Pregnant women make up a "disproportionate" number of those hospitalised with Covid-19 and in intensive care in recent weeks, a senior Health Service Executive (HSE) official has said.
Dr Peter McKenna, HSE clinical director of women and infants health, said the current Delta variant was "more aggressive" when it came to affecting pregnant women.
“A few weeks ago when we had numbers in intensive care in their teens, a disproportionate [number] of these were pregnant women,” Dr McKenna told RTÉ radio’s Morning Ireland.
“The current variant of the virus, the Delta variant, is more aggressive when it comes to dealing with pregnant women,” he said.
The comments follow reports from hospitals in Belfast of an increasing number of pregnant women among those hospitalised for Covid-19.
“What’s happening in Northern Ireland is just a manifestation of what happens when the Delta variant runs rampant in a population that is unvaccinated,” Dr McKenna said.
At present there are 182 Covid-positive patients in hospitals in the Republic.
There are currently three patients, recorded as recently pregnant, in intensive care with Covid-19, according to internal figures from an ICU database.
Dr Michael Power, intensive care consultant in Beaumont Hospital, said at present four-fifths of Covid-19 patients in ICUs had not been vaccinated.
Hospitals were not seeing numbers of pregnant women with Covid-19 similar to high levels reported in Belfast in recent days, he said.
It was “understandable” that pregnant women might have concerns about receiving the vaccine. However, he said “the science is standing up now, vaccination does confer benefit and protection ... for mother and baby.”
“Critical illness for a pregnant woman at any stage is a problem,” he said.
The Belfast Trust has said in the past week it has treated 12 pregnant women for Covid-19.
The trust, which runs several Belfast hospitals, cautioned that unvaccinated pregnant women were more likely to become unwell if they contracted the virus.
“Covid is affecting capacity issues because babies with the virus have to be isolated for 10 days after they are born,” the hospital group said in a statement.
“If pregnant women become unwell due to Covid, they are more likely to need admission to hospital and require additional respiratory [breathing],” the statement said.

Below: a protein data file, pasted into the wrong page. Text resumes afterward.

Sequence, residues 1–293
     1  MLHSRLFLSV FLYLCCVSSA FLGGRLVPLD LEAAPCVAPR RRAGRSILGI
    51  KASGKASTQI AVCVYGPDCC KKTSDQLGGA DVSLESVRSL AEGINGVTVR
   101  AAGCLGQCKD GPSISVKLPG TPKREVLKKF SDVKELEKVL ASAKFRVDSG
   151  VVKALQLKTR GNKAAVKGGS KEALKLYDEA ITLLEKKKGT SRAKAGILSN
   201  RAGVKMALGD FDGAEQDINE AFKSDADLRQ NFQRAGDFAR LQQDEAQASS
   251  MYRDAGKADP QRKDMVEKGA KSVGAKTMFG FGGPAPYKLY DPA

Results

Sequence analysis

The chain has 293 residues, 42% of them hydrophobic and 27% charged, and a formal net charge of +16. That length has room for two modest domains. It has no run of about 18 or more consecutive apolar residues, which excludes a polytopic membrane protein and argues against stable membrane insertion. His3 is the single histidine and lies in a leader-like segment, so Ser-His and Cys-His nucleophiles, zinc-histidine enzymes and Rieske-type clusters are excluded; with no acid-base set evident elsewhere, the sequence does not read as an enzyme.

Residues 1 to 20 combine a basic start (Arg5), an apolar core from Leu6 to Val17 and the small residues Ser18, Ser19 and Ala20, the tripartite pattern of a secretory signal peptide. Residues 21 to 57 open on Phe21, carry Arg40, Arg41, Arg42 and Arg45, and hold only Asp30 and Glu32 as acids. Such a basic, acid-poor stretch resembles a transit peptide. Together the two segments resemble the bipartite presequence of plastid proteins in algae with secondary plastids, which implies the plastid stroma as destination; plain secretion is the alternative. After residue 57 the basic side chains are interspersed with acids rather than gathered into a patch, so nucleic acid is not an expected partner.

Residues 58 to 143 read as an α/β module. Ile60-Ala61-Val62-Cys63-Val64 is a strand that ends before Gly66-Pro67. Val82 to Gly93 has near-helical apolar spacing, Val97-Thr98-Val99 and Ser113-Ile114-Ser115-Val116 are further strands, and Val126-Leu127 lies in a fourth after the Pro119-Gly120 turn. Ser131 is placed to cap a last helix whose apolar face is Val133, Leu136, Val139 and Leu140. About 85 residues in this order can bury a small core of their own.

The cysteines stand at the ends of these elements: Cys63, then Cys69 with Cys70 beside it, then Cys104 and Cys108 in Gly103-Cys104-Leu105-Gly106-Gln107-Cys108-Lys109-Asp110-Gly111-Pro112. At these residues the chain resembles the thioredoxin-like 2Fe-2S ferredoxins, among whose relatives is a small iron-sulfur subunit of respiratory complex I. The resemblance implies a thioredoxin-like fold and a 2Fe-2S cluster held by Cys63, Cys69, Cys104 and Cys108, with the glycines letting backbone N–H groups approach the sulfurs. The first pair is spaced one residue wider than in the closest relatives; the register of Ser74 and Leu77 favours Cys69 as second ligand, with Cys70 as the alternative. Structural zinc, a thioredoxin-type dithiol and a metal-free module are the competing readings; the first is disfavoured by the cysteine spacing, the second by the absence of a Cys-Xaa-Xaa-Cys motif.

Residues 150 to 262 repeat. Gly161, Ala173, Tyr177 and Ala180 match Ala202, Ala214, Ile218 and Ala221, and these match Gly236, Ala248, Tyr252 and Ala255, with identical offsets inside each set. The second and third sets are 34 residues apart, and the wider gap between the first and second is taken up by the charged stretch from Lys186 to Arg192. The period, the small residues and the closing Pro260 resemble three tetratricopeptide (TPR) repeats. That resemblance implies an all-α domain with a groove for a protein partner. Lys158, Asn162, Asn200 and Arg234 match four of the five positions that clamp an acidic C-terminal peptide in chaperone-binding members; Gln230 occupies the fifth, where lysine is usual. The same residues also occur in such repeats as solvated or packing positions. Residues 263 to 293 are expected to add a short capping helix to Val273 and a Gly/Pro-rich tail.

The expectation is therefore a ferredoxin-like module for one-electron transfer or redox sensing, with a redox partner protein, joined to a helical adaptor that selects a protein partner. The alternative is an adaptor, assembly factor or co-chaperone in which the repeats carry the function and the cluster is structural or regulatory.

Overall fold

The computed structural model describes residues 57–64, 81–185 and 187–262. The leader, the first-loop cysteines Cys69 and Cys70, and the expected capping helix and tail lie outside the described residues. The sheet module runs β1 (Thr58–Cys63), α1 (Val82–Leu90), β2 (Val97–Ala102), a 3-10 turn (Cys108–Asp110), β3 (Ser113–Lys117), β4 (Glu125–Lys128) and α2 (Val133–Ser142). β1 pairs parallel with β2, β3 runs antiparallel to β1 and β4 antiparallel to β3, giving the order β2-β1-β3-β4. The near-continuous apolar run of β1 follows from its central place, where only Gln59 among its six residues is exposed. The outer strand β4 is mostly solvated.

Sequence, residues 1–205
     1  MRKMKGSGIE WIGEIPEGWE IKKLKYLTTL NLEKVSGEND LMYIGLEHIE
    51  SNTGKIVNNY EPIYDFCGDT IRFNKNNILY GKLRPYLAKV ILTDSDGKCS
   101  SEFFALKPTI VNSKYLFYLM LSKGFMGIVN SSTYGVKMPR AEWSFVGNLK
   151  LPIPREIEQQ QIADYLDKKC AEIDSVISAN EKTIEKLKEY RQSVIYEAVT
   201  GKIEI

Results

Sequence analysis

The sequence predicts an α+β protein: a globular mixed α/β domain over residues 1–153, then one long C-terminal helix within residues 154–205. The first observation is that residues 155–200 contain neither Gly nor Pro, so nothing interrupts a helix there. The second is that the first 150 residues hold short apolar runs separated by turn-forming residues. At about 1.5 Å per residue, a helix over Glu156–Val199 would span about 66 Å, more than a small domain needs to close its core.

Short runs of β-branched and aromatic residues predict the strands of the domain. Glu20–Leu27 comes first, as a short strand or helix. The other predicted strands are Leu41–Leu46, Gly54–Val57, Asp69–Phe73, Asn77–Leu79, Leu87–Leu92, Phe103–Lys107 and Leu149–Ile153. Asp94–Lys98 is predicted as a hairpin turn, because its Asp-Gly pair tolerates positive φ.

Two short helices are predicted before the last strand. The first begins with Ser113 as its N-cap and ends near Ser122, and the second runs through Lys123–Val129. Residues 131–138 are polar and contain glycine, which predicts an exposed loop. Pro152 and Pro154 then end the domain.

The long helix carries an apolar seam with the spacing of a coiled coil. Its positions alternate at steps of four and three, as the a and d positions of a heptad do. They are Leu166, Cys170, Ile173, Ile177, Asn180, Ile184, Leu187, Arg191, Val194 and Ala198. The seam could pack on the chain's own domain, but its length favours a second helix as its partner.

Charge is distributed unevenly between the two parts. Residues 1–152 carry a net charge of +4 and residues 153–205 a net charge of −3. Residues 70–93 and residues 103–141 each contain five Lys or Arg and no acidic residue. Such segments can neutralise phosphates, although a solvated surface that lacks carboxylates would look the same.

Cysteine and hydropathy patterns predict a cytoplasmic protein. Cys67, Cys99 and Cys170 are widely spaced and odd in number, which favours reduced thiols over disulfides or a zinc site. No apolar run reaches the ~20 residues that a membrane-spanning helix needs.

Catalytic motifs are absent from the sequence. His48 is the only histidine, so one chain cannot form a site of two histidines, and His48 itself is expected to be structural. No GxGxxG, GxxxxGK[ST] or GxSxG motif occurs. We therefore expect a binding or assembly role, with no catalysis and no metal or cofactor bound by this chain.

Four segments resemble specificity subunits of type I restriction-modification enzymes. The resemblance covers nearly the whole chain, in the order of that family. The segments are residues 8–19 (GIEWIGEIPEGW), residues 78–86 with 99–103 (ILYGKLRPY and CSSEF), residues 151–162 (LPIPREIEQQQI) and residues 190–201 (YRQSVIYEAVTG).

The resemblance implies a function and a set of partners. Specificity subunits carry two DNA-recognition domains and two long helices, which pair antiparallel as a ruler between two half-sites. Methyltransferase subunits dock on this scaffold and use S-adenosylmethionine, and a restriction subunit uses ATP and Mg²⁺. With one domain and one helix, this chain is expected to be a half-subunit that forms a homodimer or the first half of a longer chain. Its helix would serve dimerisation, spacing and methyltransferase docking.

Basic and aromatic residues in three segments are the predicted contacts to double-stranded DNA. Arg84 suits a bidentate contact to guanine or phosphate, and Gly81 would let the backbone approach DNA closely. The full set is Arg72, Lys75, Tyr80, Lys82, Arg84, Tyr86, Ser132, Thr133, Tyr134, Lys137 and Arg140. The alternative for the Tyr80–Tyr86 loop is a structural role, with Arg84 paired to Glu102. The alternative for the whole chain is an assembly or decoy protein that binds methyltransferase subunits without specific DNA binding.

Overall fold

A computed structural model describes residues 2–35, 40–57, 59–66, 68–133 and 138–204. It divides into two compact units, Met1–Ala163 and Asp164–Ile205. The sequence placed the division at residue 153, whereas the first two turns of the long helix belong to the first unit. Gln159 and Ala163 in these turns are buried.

“Pregnant women are having to be ventilated with the majority being hospitalised in their third trimester, over 26 weeks,” it said. “Pregnancy means an expectant mother’s lung capacity is already reduced, and Covid then further increases pressure on the lungs.”
A spokeswoman for the trust said it did not have a breakdown of the number of the 12 pregnant women who were vaccinated, or unvaccinated.
However, it is understood Belfast hospital officials are seeking to encourage pregnant women to receive the Covid-19 vaccine, due to the risks from the virus.
The Belfast Trust said it recently had to arrange preterm delivery for a number of pregnant women with Covid-19, after which the babies were admitted to the neonatal intensive care unit.
“If a baby is in the neonatal unit and its parents are Covid positive, unfortunately, for infection prevention and control reasons, parents will not be allowed to hold their baby until they have completed the required period of isolation or had a negative PCR test. Currently, six babies are in isolation,” the hospital group said.
The statement encouraged pregnant women worried about the safety of the Covid-19 vaccine to speak to their midwife, general practitioner or hospital consultant.
Maternity hospital restrictions
Separately, new HSE guidance was issued to maternity hospitals on Friday to allow partners of pregnant women accompany them at 12-week scans, and in the cases of caesarean sections.
Dr Colm Henry, HSE chief clinical officer, said the aim of the new guidance was to try to return to pre-pandemic visiting rights.
“It is very hard to unravel and pretend the pandemic isn’t there because of the risk the virus presents to unvaccinated pregnant women,” he cautioned.
Both Dr Henry and HSE chief executive Paul Reid spoke to the heads of hospital groups last Friday and received commitments that all maternity units were substantially in compliance with guidance on partner visits.
In a number of recent cases where partners were incorrectly denied entry to hospitals, they had received apologies, Mr Reid said on Thursday.
Health officials have said maternity hospitals would have to provide explanations for situations where guidance on visits for partners was not followed.
In some cases, where a hospital might be dealing with a Covid-19 outbreak, limits on partners accompanying pregnant women may still be put in place.